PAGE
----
Life Science Boundary Spanners and Their Role in Exchange Processes with Academia
Independent thesis Advanced level (degree of Master (One Year)), 10 credits / 15 HE creditsStudent thesis
Innovation and entrepreneurship are recognized by many scholars as two of the key factors in company, regional and ultimately national growth. Up until now scholars have focused on macro level research leading to theories such as different innovation systems which explain how society through legislation and other incentives can facilitate the collaboration process between e.g. industry and academy leading to innovation. Despite this interest in the innovation process little effort has been made to elucidate how collaboration and innovation occurs from an individual perspective. This process involves individuals that interact in a knowledge exchange process.
Boundary spanners have been identified as facilitators and drivers of innovative processes between organizations. Their extensive networks enable them to distinguish collaboration opportunities and win-win situations with outside partners. In most industries boundary spanners are quite uncommon but within the life science sector many employees are potential boundary spanners since they often have an academic background and thus a good network with a major collaboration partner. We decided to look into the life science industry in order to investigate the exchange process in innovation collaborations and the role of academic background among boundary spanners. The research question that has guided this thesis was set to;
what prominent exchange customs exist among these boundary spanners and what does the background of these individuals have for these exchanges?
To be able to answer our research question and fulfill our aim we have made a qualitative hermeneutical study. By using a pending approach between deduction and induction we have continuously created understanding during the process of our theoretical and empirical generation. By performing five in-depth interviews with representatives from three different life science organizations we investigated how collaboration processes with academia are built and what role academic background can have for the boundary spanners involved.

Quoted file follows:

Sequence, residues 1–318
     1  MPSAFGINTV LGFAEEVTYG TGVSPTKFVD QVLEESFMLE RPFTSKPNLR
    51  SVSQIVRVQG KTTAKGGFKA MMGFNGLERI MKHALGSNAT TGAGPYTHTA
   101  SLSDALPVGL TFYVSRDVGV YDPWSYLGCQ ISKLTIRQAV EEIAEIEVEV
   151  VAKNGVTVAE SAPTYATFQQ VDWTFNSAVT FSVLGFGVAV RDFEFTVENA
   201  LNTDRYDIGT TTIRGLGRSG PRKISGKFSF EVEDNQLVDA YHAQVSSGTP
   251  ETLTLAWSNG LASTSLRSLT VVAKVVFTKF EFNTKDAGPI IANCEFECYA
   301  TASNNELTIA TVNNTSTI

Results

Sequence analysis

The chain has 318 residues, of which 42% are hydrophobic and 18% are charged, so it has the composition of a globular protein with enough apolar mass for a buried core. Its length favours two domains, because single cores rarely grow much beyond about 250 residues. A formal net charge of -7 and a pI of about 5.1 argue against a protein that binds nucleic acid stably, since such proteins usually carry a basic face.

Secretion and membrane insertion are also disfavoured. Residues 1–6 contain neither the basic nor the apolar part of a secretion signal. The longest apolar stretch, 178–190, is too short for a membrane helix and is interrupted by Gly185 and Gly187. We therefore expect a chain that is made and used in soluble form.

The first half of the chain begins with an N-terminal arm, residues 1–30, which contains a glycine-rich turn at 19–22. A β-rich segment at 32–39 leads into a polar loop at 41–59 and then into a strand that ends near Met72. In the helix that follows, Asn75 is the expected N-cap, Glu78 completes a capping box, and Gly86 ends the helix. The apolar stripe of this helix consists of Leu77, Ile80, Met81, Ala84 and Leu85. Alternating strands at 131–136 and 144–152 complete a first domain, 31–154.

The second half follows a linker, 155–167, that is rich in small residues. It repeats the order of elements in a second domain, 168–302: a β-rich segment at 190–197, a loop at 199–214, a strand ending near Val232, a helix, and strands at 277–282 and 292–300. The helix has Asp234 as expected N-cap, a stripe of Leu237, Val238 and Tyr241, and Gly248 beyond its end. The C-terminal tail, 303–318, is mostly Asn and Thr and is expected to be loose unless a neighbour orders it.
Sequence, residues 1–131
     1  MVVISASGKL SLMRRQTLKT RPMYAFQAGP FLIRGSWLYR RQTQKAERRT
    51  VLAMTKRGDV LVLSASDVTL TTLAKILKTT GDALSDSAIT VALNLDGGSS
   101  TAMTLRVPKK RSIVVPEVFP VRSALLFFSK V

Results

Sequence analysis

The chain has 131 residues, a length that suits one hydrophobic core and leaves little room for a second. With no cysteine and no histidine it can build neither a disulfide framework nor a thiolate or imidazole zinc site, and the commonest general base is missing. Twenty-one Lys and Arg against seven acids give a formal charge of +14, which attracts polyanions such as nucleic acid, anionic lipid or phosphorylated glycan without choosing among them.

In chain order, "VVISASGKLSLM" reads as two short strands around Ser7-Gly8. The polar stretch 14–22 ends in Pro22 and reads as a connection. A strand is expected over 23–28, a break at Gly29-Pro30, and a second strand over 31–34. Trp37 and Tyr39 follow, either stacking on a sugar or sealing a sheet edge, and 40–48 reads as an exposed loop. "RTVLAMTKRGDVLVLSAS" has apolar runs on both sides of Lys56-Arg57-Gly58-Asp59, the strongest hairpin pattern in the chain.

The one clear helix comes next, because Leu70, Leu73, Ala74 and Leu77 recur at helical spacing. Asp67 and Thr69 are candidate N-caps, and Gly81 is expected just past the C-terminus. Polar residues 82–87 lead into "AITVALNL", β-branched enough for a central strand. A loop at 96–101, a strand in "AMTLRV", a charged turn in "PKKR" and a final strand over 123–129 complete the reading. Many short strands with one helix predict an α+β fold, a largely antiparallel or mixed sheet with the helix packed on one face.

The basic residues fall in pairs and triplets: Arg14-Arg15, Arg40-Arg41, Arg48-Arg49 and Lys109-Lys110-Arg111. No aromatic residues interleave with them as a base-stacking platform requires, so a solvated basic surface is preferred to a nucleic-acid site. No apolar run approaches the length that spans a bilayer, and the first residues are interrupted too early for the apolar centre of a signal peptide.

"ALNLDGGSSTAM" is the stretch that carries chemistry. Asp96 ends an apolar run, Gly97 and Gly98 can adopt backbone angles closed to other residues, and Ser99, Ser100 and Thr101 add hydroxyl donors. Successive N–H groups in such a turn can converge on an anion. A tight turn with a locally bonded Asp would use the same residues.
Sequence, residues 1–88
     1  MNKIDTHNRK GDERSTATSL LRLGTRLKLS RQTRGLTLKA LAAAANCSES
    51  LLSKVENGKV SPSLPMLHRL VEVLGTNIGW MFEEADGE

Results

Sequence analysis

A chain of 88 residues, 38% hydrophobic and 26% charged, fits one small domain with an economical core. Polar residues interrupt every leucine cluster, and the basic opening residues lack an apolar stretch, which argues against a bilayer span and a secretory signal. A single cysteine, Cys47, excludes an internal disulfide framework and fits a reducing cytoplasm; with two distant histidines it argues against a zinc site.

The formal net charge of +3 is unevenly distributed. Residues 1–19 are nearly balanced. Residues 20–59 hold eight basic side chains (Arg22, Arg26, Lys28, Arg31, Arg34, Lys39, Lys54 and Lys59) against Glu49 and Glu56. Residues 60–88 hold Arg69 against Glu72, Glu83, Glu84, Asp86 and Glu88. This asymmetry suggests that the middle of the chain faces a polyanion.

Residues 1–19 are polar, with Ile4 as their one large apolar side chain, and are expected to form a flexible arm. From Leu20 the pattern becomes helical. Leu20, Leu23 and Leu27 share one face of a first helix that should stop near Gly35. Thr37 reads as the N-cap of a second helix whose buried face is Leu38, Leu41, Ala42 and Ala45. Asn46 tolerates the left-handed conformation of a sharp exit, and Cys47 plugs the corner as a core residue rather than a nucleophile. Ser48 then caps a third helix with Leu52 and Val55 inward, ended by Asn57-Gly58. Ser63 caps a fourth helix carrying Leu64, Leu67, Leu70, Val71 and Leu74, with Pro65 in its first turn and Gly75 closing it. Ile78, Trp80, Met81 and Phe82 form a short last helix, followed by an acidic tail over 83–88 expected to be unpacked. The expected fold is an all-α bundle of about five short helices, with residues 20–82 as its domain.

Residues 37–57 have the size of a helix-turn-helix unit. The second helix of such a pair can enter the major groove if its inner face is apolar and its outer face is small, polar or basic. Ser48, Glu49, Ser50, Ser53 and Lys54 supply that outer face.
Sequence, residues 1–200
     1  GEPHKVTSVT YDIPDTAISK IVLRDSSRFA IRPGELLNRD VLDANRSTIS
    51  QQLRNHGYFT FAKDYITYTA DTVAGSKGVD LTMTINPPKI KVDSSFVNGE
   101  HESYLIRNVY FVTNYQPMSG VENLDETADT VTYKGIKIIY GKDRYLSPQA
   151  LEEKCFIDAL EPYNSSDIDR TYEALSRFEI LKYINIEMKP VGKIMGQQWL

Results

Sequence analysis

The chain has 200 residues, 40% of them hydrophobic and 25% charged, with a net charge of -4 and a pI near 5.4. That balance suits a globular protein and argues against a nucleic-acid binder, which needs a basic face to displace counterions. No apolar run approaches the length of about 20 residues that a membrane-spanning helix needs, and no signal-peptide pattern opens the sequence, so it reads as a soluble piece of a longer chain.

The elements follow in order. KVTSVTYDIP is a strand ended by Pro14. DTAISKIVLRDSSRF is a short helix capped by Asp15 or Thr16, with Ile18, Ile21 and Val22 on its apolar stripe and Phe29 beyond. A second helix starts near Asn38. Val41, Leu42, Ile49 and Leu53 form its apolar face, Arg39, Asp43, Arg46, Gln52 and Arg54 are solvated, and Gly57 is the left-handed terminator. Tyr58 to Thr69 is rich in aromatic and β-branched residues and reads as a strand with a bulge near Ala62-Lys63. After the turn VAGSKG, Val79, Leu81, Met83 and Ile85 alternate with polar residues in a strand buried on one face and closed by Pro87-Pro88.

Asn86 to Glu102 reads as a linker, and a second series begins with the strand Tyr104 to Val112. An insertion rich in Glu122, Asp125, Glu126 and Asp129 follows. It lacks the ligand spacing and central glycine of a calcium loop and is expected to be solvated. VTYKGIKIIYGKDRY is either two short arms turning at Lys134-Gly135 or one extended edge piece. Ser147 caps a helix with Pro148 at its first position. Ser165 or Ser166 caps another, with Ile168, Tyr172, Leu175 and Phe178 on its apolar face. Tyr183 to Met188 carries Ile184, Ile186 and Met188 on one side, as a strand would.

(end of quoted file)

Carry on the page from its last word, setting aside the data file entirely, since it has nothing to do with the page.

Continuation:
From our empirical findings we derived answers to meet our aim;"identify prominent exchange customs among boundary spanners in innovation processes between academic and industry partners."
Exchange customs were dependent on foremost networking procedures or procedures indirectly dependent in networks. The actions of searching, screening and signalling were found to be central in the innovation process and for exchange customs. Furthermore we answered two set of sub-purposes;(i) what role does academic background have for the development of exchange customs and procedures pursued by boundary spanners in industry?
and(ii) how can background knowledge of academia contribute to or mitigate exchanges between boundary spanners in industry and academia?
The role of academic background was found to contribute significantly to all network dependent activities such as the above mentioned exchange customs. Moreover, we identified the process of academic self contact, i.e. when academia approaches industry with ideas, which could be a direct effect from signalling processes or personal networks. Background knowledge about academia affects exchange customs since it creates a better understanding of the academic partners' needs.
Place, publisher, year, edition, pages
2009. , 60 p.
boundary spanner, innovation, life science, network, exchange processes, collaboration
IdentifiersURN: urn:nbn:se:umu:diva-24545OAI: oai:DiVA.org:umu-24545DiVA: diva2:226667
Nilsson, Kerstin, Tf Studierektor